Copyright Law: DMCA and Fair Use

Digital Millennium Copyright Act (DMCA)

The DMCA was signed into law by President Clinton in October of 1998. The act was created to implement two World Intellectual Property Organization (WIPO) treaties. First, the WIPO Copyright Treaty and second, the WIPO Performances and Phonograms Treaty.[1] In addition to implementing the WIPO treaties the DMCA also added new laws to existing American copyright law. This post will discuss two of the laws added by the DMCA that have been controversial, §1201 the “anti-circumvention” rule and §512 the “safe harbor” protections.

Section 1201 Anti-Circumvention:

Section 1201 states “No person shall circumvent a technological measure that effectively controls access to a work protected under this title”[2] The act defines circumvention of a technological measure as a means to descramble a scrambled work, to decrypt an encrypted work or to otherwise avoid, bypass remove, deactivate, or impair in some was technology used to protect a work without the permission of the copyright owner. [3] It then defines a technological measure as an operation that “effectively controls access to a work.[4] On the surface this protection seems common, it allows for copyright holders to use technology to prevent infringement of their works. However, it has been used excessively and the DMCA gives these “technological measures” special protection in copyright law.[5]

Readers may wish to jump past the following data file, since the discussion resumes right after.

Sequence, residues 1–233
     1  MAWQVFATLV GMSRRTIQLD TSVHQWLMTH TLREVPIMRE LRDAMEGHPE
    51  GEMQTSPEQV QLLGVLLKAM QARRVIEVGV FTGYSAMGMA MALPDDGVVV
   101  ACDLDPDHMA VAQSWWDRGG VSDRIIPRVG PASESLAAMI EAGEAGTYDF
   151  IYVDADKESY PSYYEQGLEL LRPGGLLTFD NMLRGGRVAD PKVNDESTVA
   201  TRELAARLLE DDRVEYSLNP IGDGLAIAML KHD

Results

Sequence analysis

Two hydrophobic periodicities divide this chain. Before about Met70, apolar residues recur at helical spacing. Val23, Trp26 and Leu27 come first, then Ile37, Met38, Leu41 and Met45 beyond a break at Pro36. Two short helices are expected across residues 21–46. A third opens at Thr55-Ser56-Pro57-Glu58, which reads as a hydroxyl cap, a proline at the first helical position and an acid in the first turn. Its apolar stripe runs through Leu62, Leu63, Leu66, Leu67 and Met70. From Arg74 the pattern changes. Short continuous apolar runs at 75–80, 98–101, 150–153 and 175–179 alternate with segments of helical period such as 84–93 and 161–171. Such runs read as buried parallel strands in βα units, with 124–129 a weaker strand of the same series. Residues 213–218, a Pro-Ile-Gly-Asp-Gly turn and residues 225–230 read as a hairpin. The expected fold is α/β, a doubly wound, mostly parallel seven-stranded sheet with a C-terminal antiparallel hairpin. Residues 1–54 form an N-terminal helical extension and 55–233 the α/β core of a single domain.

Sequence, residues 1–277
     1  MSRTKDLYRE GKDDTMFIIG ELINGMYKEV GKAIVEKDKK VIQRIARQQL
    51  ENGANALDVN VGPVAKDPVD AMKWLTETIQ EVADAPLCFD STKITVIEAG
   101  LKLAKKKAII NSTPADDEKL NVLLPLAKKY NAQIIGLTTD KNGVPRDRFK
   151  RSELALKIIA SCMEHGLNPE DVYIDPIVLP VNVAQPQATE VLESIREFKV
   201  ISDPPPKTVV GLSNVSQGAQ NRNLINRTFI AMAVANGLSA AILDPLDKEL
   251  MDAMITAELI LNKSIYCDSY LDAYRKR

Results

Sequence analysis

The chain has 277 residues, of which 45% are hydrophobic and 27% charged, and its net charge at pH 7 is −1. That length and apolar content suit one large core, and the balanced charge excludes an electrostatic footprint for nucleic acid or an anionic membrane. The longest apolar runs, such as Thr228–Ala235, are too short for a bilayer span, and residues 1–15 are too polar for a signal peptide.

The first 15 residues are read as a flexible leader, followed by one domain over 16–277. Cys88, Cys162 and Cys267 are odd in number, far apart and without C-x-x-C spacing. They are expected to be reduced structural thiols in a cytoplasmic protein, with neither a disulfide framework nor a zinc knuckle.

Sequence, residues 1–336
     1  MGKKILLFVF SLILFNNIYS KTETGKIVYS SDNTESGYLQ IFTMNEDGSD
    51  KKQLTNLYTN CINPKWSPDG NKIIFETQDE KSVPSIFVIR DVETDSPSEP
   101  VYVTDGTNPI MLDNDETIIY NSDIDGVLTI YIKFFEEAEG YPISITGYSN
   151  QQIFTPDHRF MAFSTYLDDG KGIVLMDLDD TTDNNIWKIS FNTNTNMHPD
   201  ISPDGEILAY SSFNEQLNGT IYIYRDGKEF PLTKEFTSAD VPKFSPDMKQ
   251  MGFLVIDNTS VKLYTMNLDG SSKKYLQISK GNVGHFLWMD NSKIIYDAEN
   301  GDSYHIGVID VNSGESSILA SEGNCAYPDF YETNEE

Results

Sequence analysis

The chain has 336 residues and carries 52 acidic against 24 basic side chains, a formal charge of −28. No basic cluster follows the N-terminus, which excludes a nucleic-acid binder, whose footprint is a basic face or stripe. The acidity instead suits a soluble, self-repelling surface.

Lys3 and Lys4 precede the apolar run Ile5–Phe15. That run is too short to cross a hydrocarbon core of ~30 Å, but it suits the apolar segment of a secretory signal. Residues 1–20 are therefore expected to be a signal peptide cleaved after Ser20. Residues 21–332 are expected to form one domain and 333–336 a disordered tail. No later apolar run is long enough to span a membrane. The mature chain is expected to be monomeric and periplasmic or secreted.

Digital Rights Management (DRM) are the typical access controls that are used by copyright holders and protected under §1201.[6] The term DRM is very broad and can be applied to many different methods used by copyright holders to restrict unauthorized access and use of their works. Examples of DRM use include: preventing a user from skipping advertisements on a DVD, preventing a customer from listening to an MP3 on multiple computers. DRM technology can be used to achieve many different goals of a copyright owner, from advertising new products to preventing copying, but all uses of the technology are intended to prevent unauthorized use of a copyrighted work. A simple definition may be that the DRM’s are technological limitations put in place by IP owners to restrict full, unfettered use of a protected work by consumers.[7]

The problems with the DRM technological limitations is they have been applied in an over broad and sometimes excessive way. Examples of when DRM’s caused problems for consumers include: purchasing an ebook but not being able to read it on certain ebook readers, video games unable to play because the “authentication servers” are offline, purchasing a smartphone that can only be used on certain service providers networks.[8] It is a common belief that once a product is purchased it belongs to that person and it may be used in whatever way preferred, but the use would be illegal if is required tampering with a DRM.[9] Tampering with DRM technology and circumventing the restrictions they create can lead to being convicted of a crime carrying a five-year prison sentence and up to a $500,000 fine for a first offence.[10] The protections provided under §1201 have gone as far as to say that when a security expert discloses a defect in a copyrighted product that the experts have violated laws that protect DRM.[11]